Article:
I work with graduate and undergraduate students who are undocumented, and with youth in violence-prevention initiatives across Chicago who are undocumented or who live in mixed-status families. Many of them have lived here for nearly all of their lives. Their childhood memories were formed in Chicago’s Little Village, East LA, or rural Iowa, not northern Mexico or Guatemala where they were born. Many of their parents have worked for decades for low wages packing our meat, shingling our roofs, caring for our children and our elderly relatives. As many Republicans acknowledge, these men and women belong to our national community.
Some of our University of Chicago students are now permitted to work under the Deferred Action for Childhood Arrivals (DACA) program. They applied for DACA, paid their $465, and along the way acknowledged their unauthorized immigration status. But DACA’s legal foundation rests with an Obama administration executive order, which can always be revoked. Within a few months, these DACA students may discover that they will lose their employment authorization or worse. Many—alongside parents, siblings, and other loved ones—are vulnerable to deportation.
They have done nothing that my own elderly relatives, immigrants from Eastern Europe, didn’t do. Under normal political conditions, these young people would be protected under attempted compromises advanced by Presidents Bush and Obama, Senators John McCain, Marco Rubio, Richard Durbin, Lindsey Graham, and others. Now these immigrants’ fate rests on the whims of a president-elect who called Mexican immigrants rapists and criminals, who spouts false crime statistics about racial minorities, who insults the fitness and heritage of a Mexican-American judge. These young people are scared, and who can blame them? They trusted the US government. They may soon discover that this trust was misplaced.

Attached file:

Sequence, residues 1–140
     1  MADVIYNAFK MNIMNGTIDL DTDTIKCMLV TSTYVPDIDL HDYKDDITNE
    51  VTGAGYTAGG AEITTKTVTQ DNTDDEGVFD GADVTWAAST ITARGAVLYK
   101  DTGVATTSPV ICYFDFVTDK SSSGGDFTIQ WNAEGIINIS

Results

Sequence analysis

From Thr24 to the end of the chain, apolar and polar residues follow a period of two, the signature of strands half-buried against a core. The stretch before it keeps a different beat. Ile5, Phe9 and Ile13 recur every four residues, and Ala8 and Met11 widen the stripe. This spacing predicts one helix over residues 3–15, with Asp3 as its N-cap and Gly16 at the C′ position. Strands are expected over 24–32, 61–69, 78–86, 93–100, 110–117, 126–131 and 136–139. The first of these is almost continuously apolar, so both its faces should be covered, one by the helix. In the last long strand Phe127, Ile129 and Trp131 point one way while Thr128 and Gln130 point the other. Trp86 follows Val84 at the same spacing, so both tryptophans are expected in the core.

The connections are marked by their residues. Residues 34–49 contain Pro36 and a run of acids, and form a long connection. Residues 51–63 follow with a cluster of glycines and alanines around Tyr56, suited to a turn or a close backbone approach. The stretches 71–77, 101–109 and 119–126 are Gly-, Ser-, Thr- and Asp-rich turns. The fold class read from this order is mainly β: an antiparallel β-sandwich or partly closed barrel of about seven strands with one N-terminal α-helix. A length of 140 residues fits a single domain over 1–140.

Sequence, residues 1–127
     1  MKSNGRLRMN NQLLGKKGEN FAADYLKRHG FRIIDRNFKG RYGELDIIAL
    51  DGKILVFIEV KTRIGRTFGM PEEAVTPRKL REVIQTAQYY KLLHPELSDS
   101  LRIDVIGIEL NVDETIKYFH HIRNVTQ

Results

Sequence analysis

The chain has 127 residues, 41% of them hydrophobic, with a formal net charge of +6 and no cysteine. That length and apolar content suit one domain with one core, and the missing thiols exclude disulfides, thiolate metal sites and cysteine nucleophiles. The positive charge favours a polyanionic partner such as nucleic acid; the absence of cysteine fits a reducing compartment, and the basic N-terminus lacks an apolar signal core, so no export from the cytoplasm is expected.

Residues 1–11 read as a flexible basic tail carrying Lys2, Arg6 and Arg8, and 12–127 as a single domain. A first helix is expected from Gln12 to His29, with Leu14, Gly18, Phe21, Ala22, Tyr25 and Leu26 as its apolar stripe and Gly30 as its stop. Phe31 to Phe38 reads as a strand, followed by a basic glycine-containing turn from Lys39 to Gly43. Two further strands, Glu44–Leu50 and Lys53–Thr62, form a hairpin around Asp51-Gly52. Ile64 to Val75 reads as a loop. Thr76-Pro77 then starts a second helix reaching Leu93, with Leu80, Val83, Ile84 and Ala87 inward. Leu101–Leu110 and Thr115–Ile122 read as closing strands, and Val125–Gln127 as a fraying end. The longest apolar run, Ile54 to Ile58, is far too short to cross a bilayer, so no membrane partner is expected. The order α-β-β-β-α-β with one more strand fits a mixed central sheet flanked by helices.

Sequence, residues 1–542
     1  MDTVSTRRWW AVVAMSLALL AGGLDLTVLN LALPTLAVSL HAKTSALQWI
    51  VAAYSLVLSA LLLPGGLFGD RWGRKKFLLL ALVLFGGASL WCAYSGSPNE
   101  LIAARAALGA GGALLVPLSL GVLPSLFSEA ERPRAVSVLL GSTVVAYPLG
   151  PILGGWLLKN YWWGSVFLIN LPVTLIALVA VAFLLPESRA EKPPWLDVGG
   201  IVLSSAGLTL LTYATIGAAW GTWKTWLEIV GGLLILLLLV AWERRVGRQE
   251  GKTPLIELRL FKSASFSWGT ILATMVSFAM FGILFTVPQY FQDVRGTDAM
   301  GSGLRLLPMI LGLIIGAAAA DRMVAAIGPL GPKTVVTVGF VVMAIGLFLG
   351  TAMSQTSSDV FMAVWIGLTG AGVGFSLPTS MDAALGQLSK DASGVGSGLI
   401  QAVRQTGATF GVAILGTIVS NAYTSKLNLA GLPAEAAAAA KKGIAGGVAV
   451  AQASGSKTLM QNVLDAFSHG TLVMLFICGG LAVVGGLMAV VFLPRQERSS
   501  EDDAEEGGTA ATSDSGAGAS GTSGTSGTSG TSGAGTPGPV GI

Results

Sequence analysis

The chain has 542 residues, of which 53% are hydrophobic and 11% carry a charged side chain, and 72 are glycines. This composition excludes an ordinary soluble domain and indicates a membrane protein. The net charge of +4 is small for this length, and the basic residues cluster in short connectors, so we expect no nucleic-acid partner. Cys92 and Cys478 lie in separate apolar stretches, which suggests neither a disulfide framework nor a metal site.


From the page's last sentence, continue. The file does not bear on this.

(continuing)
I can’t protect them, but I can stand up with them if they are mistreated. Perhaps my actions can raise the political price of brutal policies. Perhaps I can speak to people like myself in a way that young activists may have difficulty doing. Perhaps the possibility of widespread civil disobedience by citizens who would ordinarily consider no such thing can exercise some restraining influence or deterrent against the worst of what Trump might do.
Perhaps the President-elect will back away from the hateful manner with which he conducted his campaign. If he does, I will be immensely relieved. But if he governs as he campaigned, if he moves to deport DACA-mented men and women or other long-standing members of the American community, or if he uses personal information provided in good faith by unauthorized immigrants to punish or deport them, I’ll go beyond offering commentary and engaging in legal street protest toward civil disobedience. If the president-elect and Congress snatch health coverage from millions of people, or if he reinstates waterboarding, I’ll move toward nonviolent direct action as well.
Conventional liberals and moderates are easily spooked by loud and angry young activists. I know this, because I am one. Indeed, I have chided some Black Lives Matter activists for strengthening the hands of their political adversaries. Whatever the strategic merit in my critiques—and post-election, there is some sad wisdom there—these activists are out there standing for what they believe. If middle-aged liberal technocrats like me want protesters to act more like us, there is one obvious way to make that happen: We can go out and join them.
In true professorial fashion, I’ve been gathering practical information on the consequences I could face for civil disobedience. This isn’t something to be done lightly. I am my family’s sole breadwinner. My wife and I care for her brother, who lives with intellectual disabilities. Could my federal research grants be at risk? What are the possible consequences of having a criminal record?